Diving with a Purpose, volunteering with the Maldives Whale Shark Research Program

by Bill Mashek

According to Wikipedia, the whale shark is the largest extant fish species and a slow-moving, filter-feeding carpet shark. The largest confirmed individual had a length of 18.8 m (61.7 ft)

Volunteering as a diver for any marine conservation project is a wonderful opportunity for passionate divers. My passion is working as a citizen scientist volunteer with sharks and other megafauna.

I spent ten days on the MV Felicity Dive boat with an exceptional group of ocean lovers. We studied, surveyed, took photos, observed, and identified whale sharks in South Ari Atoll Maldives with the Maldives Whale Shark Research Program.

The Maldives Whale Shark Research Program (MWSRP) is a research-based conservation charity dedicated to studying whale sharks and fostering community-focused conservation initiatives in the Maldives and the greater Indian Ocean. They offer a citizen science volunteer program which I signed up for.

To enter this program, volunteers must fill out an application and be accepted. MWSRP analyzes applications for interest in whale sharks, previous experience, and/or training. Many of the volunteers have marine science backgrounds, and everyone is passionate about whale sharks. Dive certifications are not necessary; freediving experience is helpful.

Whale sharks are filter feeders, scooping microscopic plankton into their meter-wide mouths. Due to this, they are often found near the surface or in shallow water. Most whale-shark interactions around the world are swimming or snorkeling rather than scuba diving. The MWSRP program is all free diving in the South Ari Atoll area. When diving with whale sharks, it is advisable to free dive. Bubbles from scuba tanks stress the shark and cause him to dive deep.

There are specific steps to approaching a whale shark, including avoiding physical contact with the shark. They are not tactile creatures, so touching whale sharks may cause them to dive. The protocol at MSWRP is to keep a distance of 3-4 meters while observing. Never block a whale shark’s path. This means avoiding swimming directly in front of a whale shark and on top of one, which may prevent its surfacing. For divers’ and whale sharks’ safety, stay away from the tail fin area. A sudden movement may cause serious injury if hit by a whale shark fin.

The program:
Working as a volunteer with MSWRP is an experience like no other. It is fun and interesting, but it is still working. As “citizen scientists,” volunteers are instructed in and involved with research, data collection, and increasing knowledge of marine conservation. Volunteers spend long days on a boat watching for whale sharks. When one is located, it is an all-out rush of adrenaline. Everyone puts their fins on and swims to the shark to begin their survey.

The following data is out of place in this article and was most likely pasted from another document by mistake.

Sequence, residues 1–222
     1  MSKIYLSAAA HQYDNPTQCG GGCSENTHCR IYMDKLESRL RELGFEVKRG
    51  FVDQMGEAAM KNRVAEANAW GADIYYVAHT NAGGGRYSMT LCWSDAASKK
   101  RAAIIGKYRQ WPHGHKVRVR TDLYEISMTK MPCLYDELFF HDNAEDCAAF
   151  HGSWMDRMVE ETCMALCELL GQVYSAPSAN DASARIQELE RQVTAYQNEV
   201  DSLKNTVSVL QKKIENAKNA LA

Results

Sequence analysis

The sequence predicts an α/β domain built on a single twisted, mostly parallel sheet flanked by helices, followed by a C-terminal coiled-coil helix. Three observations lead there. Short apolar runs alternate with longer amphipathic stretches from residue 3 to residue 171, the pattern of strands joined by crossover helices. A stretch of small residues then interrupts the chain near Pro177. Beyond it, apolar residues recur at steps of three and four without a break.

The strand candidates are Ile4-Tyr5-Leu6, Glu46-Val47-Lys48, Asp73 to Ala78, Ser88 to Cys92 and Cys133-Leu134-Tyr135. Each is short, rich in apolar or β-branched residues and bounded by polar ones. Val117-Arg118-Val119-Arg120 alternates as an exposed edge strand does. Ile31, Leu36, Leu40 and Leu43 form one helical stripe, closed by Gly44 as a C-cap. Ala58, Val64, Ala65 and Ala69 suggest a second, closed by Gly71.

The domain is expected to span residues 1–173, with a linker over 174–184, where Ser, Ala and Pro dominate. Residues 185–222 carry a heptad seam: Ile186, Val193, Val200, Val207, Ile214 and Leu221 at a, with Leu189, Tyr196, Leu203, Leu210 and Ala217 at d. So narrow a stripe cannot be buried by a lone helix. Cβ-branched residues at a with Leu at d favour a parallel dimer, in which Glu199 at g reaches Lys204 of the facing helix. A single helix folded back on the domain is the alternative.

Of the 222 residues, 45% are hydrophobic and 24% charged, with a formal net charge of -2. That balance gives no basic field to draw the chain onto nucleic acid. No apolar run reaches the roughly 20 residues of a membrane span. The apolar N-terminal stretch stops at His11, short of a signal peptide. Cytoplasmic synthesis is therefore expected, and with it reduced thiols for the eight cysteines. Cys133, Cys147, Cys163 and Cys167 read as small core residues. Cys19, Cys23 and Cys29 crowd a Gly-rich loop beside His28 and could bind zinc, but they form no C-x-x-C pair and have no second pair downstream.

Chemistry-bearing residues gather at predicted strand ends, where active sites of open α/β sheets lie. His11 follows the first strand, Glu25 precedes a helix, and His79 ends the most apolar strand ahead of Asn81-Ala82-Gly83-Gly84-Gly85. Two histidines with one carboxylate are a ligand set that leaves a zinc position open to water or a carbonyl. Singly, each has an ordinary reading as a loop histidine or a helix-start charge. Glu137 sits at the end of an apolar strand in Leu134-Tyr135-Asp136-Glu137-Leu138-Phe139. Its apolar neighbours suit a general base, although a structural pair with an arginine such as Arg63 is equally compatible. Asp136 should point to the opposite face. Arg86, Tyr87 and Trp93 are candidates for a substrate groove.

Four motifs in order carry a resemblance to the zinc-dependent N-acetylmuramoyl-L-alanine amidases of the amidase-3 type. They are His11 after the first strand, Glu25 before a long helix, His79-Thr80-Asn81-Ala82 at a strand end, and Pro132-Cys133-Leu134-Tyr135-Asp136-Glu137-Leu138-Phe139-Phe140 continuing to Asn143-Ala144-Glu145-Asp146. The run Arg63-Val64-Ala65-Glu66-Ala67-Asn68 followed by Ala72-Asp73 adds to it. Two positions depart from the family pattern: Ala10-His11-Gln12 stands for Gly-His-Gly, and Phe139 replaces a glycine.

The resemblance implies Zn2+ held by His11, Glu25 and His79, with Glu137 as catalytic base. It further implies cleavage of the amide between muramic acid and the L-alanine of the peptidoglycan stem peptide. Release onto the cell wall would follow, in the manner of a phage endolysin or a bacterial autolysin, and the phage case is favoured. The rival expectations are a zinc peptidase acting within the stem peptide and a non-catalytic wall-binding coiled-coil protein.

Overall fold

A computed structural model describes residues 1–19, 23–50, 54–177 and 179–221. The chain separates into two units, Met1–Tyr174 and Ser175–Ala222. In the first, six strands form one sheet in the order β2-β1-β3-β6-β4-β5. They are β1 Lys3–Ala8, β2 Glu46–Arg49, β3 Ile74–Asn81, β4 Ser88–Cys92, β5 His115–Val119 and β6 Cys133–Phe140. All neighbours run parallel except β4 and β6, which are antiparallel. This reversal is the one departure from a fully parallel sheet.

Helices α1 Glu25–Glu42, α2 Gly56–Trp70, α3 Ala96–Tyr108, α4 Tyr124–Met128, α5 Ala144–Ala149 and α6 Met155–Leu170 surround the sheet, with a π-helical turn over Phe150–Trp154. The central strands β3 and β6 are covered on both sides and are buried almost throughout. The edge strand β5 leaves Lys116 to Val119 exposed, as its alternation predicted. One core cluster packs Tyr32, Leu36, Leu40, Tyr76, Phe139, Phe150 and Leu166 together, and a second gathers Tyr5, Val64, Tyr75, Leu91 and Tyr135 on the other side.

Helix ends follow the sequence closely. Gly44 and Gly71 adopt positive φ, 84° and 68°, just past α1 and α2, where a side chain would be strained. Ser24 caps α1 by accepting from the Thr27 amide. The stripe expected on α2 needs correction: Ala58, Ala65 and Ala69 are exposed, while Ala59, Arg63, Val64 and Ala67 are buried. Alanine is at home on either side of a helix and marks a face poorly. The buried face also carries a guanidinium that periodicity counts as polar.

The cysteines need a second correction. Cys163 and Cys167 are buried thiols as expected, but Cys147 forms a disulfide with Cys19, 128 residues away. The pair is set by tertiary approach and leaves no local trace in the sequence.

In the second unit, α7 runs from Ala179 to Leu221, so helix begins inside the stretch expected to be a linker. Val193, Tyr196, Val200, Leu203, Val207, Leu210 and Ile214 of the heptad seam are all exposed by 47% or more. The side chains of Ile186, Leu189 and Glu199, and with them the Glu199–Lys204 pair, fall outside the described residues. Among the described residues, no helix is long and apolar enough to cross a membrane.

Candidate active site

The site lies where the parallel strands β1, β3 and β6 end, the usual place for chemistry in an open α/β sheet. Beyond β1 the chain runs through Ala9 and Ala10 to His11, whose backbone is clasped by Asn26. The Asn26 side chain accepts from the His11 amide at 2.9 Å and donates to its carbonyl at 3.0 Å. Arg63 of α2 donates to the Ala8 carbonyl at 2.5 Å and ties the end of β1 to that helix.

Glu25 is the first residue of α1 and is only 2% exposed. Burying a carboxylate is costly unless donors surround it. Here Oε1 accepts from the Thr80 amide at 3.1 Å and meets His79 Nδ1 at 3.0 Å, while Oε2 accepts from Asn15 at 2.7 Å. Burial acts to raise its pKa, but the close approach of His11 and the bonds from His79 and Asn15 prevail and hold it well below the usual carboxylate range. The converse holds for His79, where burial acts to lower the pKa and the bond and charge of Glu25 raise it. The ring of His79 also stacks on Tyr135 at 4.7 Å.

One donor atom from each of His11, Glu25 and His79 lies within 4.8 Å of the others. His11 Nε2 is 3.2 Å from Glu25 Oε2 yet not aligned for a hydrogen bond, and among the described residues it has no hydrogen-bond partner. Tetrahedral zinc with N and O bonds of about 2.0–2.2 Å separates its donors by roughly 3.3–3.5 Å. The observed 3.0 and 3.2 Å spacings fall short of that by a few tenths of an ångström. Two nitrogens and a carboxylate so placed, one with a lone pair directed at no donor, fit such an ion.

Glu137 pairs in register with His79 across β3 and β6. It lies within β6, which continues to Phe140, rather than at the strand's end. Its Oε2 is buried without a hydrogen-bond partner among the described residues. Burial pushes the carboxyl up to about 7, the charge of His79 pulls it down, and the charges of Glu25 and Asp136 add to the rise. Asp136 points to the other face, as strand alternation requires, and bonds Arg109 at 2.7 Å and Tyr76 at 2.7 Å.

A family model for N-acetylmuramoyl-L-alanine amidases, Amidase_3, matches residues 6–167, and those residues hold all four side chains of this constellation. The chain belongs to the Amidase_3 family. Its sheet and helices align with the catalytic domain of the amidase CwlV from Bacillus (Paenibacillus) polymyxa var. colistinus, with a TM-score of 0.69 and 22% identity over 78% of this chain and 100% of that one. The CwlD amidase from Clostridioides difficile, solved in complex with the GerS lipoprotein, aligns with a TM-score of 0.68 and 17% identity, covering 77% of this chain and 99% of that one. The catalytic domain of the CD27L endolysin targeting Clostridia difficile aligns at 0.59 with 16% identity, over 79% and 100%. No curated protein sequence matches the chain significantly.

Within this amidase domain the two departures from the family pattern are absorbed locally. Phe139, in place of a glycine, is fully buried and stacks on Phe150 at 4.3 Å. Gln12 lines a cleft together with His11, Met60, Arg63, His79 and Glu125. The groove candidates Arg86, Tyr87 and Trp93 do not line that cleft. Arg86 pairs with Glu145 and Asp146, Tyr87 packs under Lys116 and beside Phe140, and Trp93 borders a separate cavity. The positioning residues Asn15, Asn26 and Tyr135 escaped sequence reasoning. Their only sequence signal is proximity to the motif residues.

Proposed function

The typical research day starts with breakfast between 7:30 and 8:30, then getting on a dive dhoni (small boat) and looking for sharks. Surveys are done in the South Ari Marine Protected Area (SAMPA). Volunteers record whale shark sightings and include megafauna such as sea turtles, mantas, other rays, and dolphins.

In the evening, we input our information into the MWSRP laptop computers. This data is compiled into a worldwide network studying the movement, behavior, and threats to the whale shark population.

We all work as a team. Everyone usually has a role, such as observation, data collection, and entry. Identification is done by photographing the left and right flanks at the pectoral fin. Whale sharks have a distinct spot pattern and can be identified by this pattern. In addition, photograph the tail fin as many whale sharks can be identified by fin damage. We record wind direction, current movement, visibility, and water temperature. We note whale shark behavior and people’s behavior.

MWSRP charters the MV Felicity. A traditional Turkish gulet, the Felicity is full of character. There are seven cabins with private en-suite bathrooms and air-conditioning for 10-14 guests. MWSRP has a maximum of 11 volunteers. The large open deck has ample relaxation space. There is a covered outdoor dining area where meals are served family-style and an outdoor lounge. The boat’s bow has loungers for sun lovers to soak up the rays. Indoors, there is an air-conditioned lounge and dining area. Our Chief, Roy, worked professionally as a chef in Siri Lanka before joining the Felicity.

MWSRP volunteer dive trips are not for everyone. This is not a scuba diving trip. There are not four dives per day, then relaxing with cocktails in the evening. Volunteering is work. It is fun and rewarding, but it is still work. Unlike more expensive charters, there is no internet service. However, most volunteers bought local SIM cards and used their phones as “hot spots” for their laptops. The Maldives is a Muslim country. Alcohol is only served on resort-owned islands and private liveaboards. Women should dress conservatively on populated islands.

The ten days I spent on the MV Felicity with the other volunteers were an extraordinary experience. Our prodigious leaders, Chloe and Clara, were patient and kind mentors. I made many new friends. Being part of this cause brought together people from around the world with diverse backgrounds and a similar bond; the love of sharks.

To become a volunteer, one does not need to be a scientist or a marine biologist! MWSRP welcomes people of all ages, talents, and nationalities. If you love whale sharks and are not afraid of challenging work, get in touch!

Bill Mashek

More information: mailto:volunteer@maldiveswhalesharkresearch.org

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